Two more ransomware attacks on the education sector revealed

In August, DataBreaches.net highlighted ransomware threat actors known as Pysa who have been attacking both the medical sector and the education sector — two sectors near and dear to this site’s publisher. Today, we report on two more school districts attacked by Pysa.

Consolidated High School District 230 

The Consolidated High School District 230 in Illinois includes  Carl Sandburg High School, Amos Alonzo Stagg High School, and Victor J. Andrew High School.  DataBreaches.net was unable to find any previous media coverage of any breach involving this district, and we found no notice on their web site or any mention of a breach in their school board minutes for the relevant time period.  Inquiries sent to the district’s superintendent and executives have received no reply, and a public access request filed with the Illinois Attorney General’s Office has not yet received a response. As far as we can determine, then, this report may be the first disclosure or mention of this breach. 

Listing on Dark Web Leak Site
Image: DataBreaches.net

D230 first appeared on Pysa’s leak site this past week, with a date of 05/04/21. It is not clear whether Pysa is claiming that that is the date of the attack or not.

The data dump, in more than 30 parts, included more than 10 GB of files, compressed. Many of the files did not contain personal or sensitive information, but rather, routine district operations related to IT and other topics. Of note, however, we did find personal information on both students and personnel in some files or folders. The following are just some examples:

Student-Related: Some files contained lists of students first and last names with their Medicaid ID numbers. There was more than one year of such lists. The lists do not indicate whether Medicaid was actually billed for any services for the students. Other files for Skyward contained .csv files with students’ ID number, first name and last name, email address, and plaintext passwords. We also noted a few dozen files with named students’ child health examination certificates from the state. We did not spot any databases with education records such as GPAs, courses, testing results, etc., but we did find isolated files with disciplinary or other types of reports.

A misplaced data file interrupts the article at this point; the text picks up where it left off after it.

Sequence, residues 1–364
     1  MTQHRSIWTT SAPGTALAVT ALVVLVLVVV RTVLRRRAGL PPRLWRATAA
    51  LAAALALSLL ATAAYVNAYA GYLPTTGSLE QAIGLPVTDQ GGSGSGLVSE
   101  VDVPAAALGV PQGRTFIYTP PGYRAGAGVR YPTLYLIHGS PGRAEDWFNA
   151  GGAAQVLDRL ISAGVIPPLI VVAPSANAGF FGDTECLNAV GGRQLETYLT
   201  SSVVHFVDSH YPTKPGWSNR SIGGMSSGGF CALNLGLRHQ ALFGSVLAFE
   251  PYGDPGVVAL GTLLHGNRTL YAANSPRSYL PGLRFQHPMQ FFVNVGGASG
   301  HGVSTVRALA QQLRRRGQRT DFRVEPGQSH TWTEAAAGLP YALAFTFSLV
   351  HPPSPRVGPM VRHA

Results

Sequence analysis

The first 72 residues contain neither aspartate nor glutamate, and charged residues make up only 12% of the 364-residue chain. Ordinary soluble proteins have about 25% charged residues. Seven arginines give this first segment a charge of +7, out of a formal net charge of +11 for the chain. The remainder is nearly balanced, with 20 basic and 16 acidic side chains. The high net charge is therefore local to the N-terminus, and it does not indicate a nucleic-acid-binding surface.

Personnel-Related:  Skyward .csv files contained some personnel information, but thankfully, we did not spot any databases with SSN, although names, positions, email addresses, and date of birth were disclosed. There were also some salary-related files that dealt with contributions to employee benefits, etc.  We did not see any payroll databases exposed in this dump. Some isolated files dealing with personnel issues such as harassment complaints were found in the dump. 

There were also numerous emails in the dump.

DataBreaches.net is not including a description of other files that might contain information on the physical or cybersecurity configuration of the district, even if the information might be outdated.

Legislation Proposed in Illinois

Representative Lamont J. Robinson, Jr. Image: ILGA.GOV

DataBreaches.net contacted the office of Illinois State Representative Lamont Robinson, Jr., Chairperson of the Cybersecurity, Data Analytics, & IT Committee, to inform him about the incident, as it is the second incident recently reported by this site involving an Illinois school district where we had been unable to find any evidence that the district had ever notified those impacted or disclosed the breach accurately.

Representative Robinson thanked this site for reporting on these breaches and keeping his office informed. He recently proposed a state bill, HB 4152, that would require districts to notify the state board of education as soon as they determine that there has been a security breach of the school district’s computer network or system.

As a result of our discussion, Representative Robinson indicated that he will add a provision to the bill that parents of students and/or  employees whose personal information has been compromised in a breach must be notified by the district. That is a significant protection for parents and employees, as many breaches involving school districts compromise parental personal information and personnel information. Simply notifying the state board of education does not help those who need to protect themselves from identity theft or fraudulent use of their information. They need to be notified directly — especially when the data has been dumped publicly for everyone to take and misuse.